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Summary: Purpose: To examine whether seizure remission is a comprehensive marker of outcome in psychogenic nonepileptic seizures (PNESs).
Methods: A postal questionnaire was returned by 147 patients with PNESs a mean of 4.2 years after diagnosis (mean age at follow-up, 38.1 years). The proportion of patients who were “unproductive” (receiving health-related state benefits) at follow-up was determined, with a comparison of markers of ongoing psychopathology (Global Severity Index, anxiety and depression scores of the Symptom Checklist 90, Somatization Index DSM of the SOMS-2) in three outcome groups: group 1, continuing seizures; group 2, seizures stopped but patients “unproductive;” and group 3, seizures stopped, patients “productive.”
Results: Of the patients, 71.4% continued to have seizures, and 28.6% had achieved seizure remission; 60.0% of patients with continuing seizures and 42.7% of patients in remission were “unproductive” (difference, NS). Ongoing psychopathology was related to the factor “group membership” with higher values in groups 2 and 3 than in group 1 (GSI, p < 0.001; anxiety, p = 0.01; depression, p = 0.02; Somatization Index DSM, p < 0.001). Across all patients and in the subgroup with PNESs and additional epilepsy, differences were significant only between groups 2 and 3, not between groups 1 and 2. In patients with PNESs alone, differences were significant only between groups 1 and 2.
Conclusions: Seizure remission is not a comprehensive measure of good medical or psychosocial outcome in PNESs. Nearly half the patients who become seizure free remain unproductive. Many of these patients continue to report symptoms of psychopathology. Seizure control should not be the only focus of treatment in clinical practice or outcome observation in research studies.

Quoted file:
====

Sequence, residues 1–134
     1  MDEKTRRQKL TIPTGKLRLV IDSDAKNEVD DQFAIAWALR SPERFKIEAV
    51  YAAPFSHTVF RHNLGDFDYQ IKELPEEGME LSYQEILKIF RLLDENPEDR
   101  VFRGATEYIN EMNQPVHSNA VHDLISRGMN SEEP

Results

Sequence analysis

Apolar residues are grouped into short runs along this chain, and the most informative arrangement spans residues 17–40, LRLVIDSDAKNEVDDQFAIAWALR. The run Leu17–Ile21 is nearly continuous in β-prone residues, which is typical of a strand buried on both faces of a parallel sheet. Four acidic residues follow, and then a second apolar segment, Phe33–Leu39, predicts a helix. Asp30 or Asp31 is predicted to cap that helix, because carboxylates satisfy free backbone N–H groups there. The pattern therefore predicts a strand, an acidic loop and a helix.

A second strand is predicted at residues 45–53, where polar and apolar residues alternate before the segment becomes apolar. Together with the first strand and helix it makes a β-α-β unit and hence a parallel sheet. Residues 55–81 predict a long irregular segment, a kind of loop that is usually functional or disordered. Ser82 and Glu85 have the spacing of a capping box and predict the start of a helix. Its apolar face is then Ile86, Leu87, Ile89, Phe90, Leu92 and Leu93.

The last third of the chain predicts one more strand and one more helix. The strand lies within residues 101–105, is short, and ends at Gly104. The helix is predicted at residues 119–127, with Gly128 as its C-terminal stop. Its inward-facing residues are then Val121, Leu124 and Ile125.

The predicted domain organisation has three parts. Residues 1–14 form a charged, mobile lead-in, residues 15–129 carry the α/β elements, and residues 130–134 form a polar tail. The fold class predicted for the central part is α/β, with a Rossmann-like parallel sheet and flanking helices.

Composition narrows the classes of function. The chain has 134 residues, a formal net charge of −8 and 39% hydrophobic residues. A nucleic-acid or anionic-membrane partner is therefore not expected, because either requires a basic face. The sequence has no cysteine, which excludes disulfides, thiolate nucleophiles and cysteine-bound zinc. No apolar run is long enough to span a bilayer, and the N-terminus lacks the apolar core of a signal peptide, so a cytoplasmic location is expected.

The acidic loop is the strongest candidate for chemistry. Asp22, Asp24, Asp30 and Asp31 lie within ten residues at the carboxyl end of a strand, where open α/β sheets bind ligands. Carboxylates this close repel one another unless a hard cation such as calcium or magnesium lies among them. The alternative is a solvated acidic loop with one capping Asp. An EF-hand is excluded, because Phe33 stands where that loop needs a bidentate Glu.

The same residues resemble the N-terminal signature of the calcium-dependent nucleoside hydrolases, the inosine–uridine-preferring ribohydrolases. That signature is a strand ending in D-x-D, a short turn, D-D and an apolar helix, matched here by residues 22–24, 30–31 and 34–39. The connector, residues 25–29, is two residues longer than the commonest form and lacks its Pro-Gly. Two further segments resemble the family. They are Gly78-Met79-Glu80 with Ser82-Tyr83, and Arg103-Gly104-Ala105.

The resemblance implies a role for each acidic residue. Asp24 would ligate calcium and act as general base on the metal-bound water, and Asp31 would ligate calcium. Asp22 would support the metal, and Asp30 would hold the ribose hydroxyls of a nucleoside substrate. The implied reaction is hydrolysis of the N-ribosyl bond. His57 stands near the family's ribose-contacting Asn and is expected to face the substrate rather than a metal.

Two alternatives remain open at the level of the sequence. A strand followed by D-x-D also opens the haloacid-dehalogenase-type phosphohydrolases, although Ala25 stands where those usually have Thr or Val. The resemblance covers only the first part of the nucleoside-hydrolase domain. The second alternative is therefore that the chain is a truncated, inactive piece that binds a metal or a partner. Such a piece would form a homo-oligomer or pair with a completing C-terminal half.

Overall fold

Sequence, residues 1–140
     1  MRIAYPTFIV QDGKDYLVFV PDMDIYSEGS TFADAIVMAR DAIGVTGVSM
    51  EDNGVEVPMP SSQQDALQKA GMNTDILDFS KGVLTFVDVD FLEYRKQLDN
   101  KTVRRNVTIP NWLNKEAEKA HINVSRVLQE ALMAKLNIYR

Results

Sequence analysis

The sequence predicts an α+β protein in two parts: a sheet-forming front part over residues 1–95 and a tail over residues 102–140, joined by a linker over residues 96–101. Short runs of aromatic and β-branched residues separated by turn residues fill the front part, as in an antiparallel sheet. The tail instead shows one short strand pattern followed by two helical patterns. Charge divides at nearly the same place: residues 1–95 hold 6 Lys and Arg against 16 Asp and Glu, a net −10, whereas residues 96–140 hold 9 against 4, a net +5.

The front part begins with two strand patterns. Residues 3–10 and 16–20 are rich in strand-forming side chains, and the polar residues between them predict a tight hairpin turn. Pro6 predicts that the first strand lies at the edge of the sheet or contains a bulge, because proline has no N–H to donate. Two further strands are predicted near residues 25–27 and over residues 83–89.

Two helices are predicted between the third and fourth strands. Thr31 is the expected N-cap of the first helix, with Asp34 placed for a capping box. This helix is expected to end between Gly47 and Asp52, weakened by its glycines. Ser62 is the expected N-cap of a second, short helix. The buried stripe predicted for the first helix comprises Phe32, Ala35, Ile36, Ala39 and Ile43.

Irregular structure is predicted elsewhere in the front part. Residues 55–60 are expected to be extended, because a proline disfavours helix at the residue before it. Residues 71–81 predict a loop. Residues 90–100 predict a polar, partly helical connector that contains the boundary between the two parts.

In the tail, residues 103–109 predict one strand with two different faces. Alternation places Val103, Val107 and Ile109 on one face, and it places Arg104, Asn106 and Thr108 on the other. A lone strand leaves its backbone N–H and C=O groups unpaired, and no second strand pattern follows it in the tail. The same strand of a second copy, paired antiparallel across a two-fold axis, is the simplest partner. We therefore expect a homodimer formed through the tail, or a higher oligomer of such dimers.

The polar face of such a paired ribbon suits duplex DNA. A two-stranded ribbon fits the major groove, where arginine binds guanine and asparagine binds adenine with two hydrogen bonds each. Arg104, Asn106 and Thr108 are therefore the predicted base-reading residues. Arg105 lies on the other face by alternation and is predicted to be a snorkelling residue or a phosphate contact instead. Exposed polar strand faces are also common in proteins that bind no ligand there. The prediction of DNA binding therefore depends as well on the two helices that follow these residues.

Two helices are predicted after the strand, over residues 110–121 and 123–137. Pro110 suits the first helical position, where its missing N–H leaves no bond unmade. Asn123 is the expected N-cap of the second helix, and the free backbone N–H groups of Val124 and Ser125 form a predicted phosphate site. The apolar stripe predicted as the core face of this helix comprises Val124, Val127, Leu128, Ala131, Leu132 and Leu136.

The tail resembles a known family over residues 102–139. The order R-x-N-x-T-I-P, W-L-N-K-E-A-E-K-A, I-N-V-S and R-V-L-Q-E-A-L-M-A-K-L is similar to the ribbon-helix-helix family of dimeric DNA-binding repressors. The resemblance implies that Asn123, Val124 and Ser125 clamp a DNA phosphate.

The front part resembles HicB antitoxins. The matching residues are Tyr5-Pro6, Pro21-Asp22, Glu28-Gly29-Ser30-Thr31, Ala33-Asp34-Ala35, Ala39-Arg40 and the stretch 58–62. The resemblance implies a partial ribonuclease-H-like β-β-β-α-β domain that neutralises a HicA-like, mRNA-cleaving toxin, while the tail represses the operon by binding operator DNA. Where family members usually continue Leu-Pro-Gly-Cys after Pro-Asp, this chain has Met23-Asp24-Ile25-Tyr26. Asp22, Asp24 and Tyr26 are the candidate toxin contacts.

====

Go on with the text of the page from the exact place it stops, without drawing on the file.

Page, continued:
Psychogenic nonepileptic seizures (PNESs) can be defined as a form of paroxysmal behavior that mimics epileptic seizures and is characterized by a sudden and time-limited disturbance of motor, sensory, autonomic, cognitive, and emotional functions, or a combination of these. PNESs are usually thought to represent an automatic expression of psychological distress rather than a wilfully simulated event, but establishing underlying intentionality is difficult (1–3).
Since the introduction of video-EEG into routine clinical practice, it has become clear that PNESs are more common than expected. Five percent of patients who carried a diagnosis of epilepsy in primary care (4), 10% referred to an epilepsy clinic with seizures refractory to antiepileptic drugs (AEDs) (5) and 30% of patients referred to an American epilepsy center for prolonged video-EEG monitoring had PNESs rather than epilepsy (6). What is more, patients with PNESs have a greater tendency than do those with epilepsy to develop seizure status, causing emergency admissions to hospital (7). One fourth of patients with PNESs seen at an epilepsy centre had been taken to an intensive care unit to control their seizures (8). This means that PNES patients are at high risk of iatrogenic harm or even death from inappropriate or inadvertent medication administration (9–12).
PNESs are costly to patients and to society at large. The mean proportion of patients reporting complete cessation of seizures in a range of outcome studies was 31%, and only 43% of patients were living independently at the time of follow-up (Table 1) (13–25). One large study showed that 69% of patients with PNESs were working at the time of initial manifestation of seizures, but only 20% were still working at the time the diagnosis was made (26). Another study revealed that the proportion of patients receiving disability benefits increased from 33% at the time of diagnosis to 60% after a mean follow-up interval of 17 months (15). The cost of the misdiagnosis of PNESs as epilepsy has been estimated as $100,000 per patient (26). The indirect costs through loss of employment of patients and carers are likely to be much greater than the direct costs of inappropriately prescribed AEDs or professional time (27).
Table 1. Overview of studies examining outcome of PNES in adults